Welcome to the land world
Land Use in New Zealand

New Zealand is a country in the southwestern Pacific Ocean consisting of the South Island, the North Island and many islands. The North Island has many volcanoes and hot springs, and the South Island has many glaciers and lakes. New Zealand has a total land area of 27,053,000 hectares, which is slightly larger than the United Kingdom and slightly smaller than Japan. As temperate island countries, these three countries have a reasonable degree of geographic similarity. New Zealand is mountainous, and the area of mountains and hills accounts for more than 75% of the total area, of which natural pastures and farms account for half of the country.

However, compared to the other two countries, the population density of New Zealand is significantly lower, which is only 1/20 of the population of the United Kingdom and nearly 1/30 of the population of Japan. This means that New Zealand’s land and natural ecosystems are satisfying. The various needs of its population are generally less under pressure. However, New Zealand's Maori settlements and colonies later occupied by Europe have a profound impact on New Zealand's land-use patterns. In the early days of human settlement, New Zealand had nearly 80% forest coverage. However, it is estimated that nearly one-third of the forest has been cleared during the period when it became a former colony.

The arrival of Europeans witnessed the rapid transformation of New Zealand into a country dominated by an agricultural economy. New Zealand became the British food market, and this role remained until Britain entered the European Common Market in the early 1970s. In the past 25 years, due to the fragmentation of the UK market, the New Zealand economy has also become more diversified. Although agriculture still dominates the New Zealand economy, sheep raising is no longer the mainstay of the New Zealand economy. New Zealand began to grow a series of new agricultural and garden products, such as kiwi, deer breeding, orchid, and alpaca breeding. Tourism is currently the largest source of foreign exchange income in New Zealand, followed by the dairy industry. Since 1996, the forestry and meat industries have become the third-largest source of foreign exchange in New Zealand.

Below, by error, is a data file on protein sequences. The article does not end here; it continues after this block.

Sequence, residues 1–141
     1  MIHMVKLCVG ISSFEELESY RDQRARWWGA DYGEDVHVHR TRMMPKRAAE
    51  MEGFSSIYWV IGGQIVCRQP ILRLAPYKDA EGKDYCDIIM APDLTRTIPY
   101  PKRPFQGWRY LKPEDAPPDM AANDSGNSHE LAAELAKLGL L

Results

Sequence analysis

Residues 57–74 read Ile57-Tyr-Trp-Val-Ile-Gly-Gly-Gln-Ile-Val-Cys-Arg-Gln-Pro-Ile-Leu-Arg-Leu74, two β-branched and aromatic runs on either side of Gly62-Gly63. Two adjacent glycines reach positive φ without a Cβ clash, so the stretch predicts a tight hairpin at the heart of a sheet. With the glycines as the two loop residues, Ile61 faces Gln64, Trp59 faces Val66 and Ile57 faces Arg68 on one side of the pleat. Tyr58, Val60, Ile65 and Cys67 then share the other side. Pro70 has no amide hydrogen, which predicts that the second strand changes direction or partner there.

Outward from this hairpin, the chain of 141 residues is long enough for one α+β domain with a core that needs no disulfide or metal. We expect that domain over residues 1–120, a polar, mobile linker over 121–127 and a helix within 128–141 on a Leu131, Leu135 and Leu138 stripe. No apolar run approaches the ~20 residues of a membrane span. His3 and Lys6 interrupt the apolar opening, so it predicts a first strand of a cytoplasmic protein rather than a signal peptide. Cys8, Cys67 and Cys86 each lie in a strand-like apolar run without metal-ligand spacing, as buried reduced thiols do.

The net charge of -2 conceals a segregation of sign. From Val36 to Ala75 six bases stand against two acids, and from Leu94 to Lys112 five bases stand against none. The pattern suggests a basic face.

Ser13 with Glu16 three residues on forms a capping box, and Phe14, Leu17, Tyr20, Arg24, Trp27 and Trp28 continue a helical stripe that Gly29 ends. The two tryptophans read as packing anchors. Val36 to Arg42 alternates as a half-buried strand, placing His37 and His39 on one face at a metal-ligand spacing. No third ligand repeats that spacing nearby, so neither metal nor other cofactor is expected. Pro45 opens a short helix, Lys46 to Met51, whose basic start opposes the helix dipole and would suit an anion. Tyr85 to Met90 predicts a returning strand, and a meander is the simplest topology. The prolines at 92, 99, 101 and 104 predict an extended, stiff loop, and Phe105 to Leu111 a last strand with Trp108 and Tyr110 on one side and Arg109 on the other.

Nevertheless, more than 50% of New Zealand's land is still used for agriculture and animal husbandry. Closed natural forests and virgin forests account for a large proportion, and their land coverage rate is 23%. Plantation forest currently has about 5% of the land, of which other land includes urban land, mountains, woods or shrubs and other non-grazing grasslands, rivers, lakes and swamps, which together maintain a balance of land use.

In the absence of major natural disasters, it is unlikely that the proportion of these land uses will change dramatically in the next 15 years. However, certain changes are foreseeable. In most laws, the logging of natural forests must be strictly controlled so as to maintain the sustainable development. Therefore, the area of natural forest will not decline, and planted forests are likely to continue to expand new forest areas with an area of up to 100,000 hectares. A survey suggested that in 2015, the average planted area was about 60,000 hectares, which may form an optimistic prospect for land use. The planting rate of forests is expected to account for about 7% of New Zealand’s land area, and this expansion will come at the expense of pasture and farmland and other land types. Almost all potential production land categorizes as “other land” will be used for agricultural or forestry purposes. In the future expansion of land use, part of the expansion will inevitably come at the expense of another part.